Iranian FM hopes for normal relations with Egypt

Ahram Online, Tuesday 21 Aug 2012

Iranian Foreign Minister Ali Akbar Salehi hopes for normal relations with Egypt, stresses common bonds in interview

Ali Akbar Salehi
Iranian Foreign Minister Ali Akbar Salehi (Photo:Reuters)

Iranian Foreign Minister Ali Akbar Salehi hopes relations with Egypt will be restored after ties were severed following Iran's Islamic revolution in 1979.

In an interview with Al-Ahram newspaper, Salehi said Iran "hope[s] relations will return to their natural state and their true course," and only maters of protocol stood in the way of restoring normal relations.

Iran appointed an ambassador to Egypt in the aftermath of the latter's 2011 uprising, the first envoy in Cairo for almost 30 years.

"Egypt is the cornerstone of the region and enjoys a special stature among Arab and Islamic states," Salehi eulogised, adding that both countries are tied by love, friendship and brotherhood.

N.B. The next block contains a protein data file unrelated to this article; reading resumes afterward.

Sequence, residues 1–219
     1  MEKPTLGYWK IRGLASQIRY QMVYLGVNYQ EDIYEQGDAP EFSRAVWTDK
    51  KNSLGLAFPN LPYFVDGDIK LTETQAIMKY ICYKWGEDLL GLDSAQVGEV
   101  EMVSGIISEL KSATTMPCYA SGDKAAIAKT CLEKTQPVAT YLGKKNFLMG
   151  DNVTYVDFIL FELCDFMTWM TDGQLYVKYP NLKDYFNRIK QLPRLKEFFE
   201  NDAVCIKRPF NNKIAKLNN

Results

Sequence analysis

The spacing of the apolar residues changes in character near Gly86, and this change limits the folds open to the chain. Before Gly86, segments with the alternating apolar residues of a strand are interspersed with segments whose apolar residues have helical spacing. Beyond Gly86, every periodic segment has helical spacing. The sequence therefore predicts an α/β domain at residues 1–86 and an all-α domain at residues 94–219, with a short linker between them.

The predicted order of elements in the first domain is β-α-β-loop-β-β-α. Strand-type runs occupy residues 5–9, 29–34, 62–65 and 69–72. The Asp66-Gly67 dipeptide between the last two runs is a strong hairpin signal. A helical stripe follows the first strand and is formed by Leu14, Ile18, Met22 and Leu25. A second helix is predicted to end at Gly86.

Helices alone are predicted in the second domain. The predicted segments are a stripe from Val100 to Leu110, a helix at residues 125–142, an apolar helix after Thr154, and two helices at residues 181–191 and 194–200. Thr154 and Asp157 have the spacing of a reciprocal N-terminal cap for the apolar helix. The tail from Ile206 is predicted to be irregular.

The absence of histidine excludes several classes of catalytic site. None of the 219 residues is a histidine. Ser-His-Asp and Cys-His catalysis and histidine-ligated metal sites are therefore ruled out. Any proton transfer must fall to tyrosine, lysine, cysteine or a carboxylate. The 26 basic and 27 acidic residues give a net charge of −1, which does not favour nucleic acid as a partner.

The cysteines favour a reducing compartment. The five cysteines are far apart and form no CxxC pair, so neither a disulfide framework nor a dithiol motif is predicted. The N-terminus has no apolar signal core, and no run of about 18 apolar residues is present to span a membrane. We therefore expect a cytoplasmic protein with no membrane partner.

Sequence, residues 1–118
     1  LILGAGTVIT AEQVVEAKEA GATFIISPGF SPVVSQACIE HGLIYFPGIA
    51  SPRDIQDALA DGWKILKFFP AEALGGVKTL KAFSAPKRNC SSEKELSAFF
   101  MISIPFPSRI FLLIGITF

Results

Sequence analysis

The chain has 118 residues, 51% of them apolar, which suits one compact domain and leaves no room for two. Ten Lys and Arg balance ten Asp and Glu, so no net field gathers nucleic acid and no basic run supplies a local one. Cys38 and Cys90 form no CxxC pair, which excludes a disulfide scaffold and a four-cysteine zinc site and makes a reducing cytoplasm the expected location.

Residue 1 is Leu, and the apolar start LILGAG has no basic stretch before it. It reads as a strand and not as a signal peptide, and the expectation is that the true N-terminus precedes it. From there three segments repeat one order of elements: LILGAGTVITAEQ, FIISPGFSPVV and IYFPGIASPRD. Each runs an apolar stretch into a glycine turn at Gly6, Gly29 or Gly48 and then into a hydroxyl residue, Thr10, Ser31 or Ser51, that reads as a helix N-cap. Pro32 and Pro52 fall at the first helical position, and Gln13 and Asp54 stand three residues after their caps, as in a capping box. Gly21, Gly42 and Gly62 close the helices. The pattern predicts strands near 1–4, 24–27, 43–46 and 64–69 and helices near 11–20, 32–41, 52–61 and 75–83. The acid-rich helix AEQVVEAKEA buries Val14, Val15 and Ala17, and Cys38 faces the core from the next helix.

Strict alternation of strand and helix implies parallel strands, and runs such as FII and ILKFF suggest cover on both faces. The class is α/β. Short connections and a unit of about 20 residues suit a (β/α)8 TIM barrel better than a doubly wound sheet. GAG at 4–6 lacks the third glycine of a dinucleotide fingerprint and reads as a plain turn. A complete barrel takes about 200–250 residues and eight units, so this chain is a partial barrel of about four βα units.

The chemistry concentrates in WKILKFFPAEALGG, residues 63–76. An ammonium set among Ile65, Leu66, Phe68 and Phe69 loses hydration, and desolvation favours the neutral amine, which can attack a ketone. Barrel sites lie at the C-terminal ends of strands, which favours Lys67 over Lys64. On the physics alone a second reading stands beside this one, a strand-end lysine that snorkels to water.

The interview comes amid media reports that Egypt's President Mohamed Morsi is to attend the Non-Aligned Movement summit in Tehran on 30-31 August where its leadership is to be transferred from Egypt to Iran.

Since the 2011 revolution, there have been hints of thawing relations between the two countries. As well as the appointment of an official envoy, Egypt allowed two Iranian ships to pass through the Suez canal in February 2011, a move forbidden during the Mubarak era.

Furthermore, Egypt's first post-Mubarak foreign minister, Nabil El-Arabi, announced plans to warm relations between the countries, although the rhetoric was subdued by later cabinets.

Salehi refuted the notion that fundamental rifts in belief exist between Iran's Shia sect and Egypt’s Sunni interpretation of Islam, saying that such divisions are promoted by the US and Zionists.

He insisted that Egypt and Iran share a common religion and civilization, and that colonialism had created racial, ethnic, religious and sectarian discrimination in which everyone loses, while they (the colonial powers) remain in control. This is what caused Arab-Iranian and Sunni-Shia tension in the region, Salehi said.

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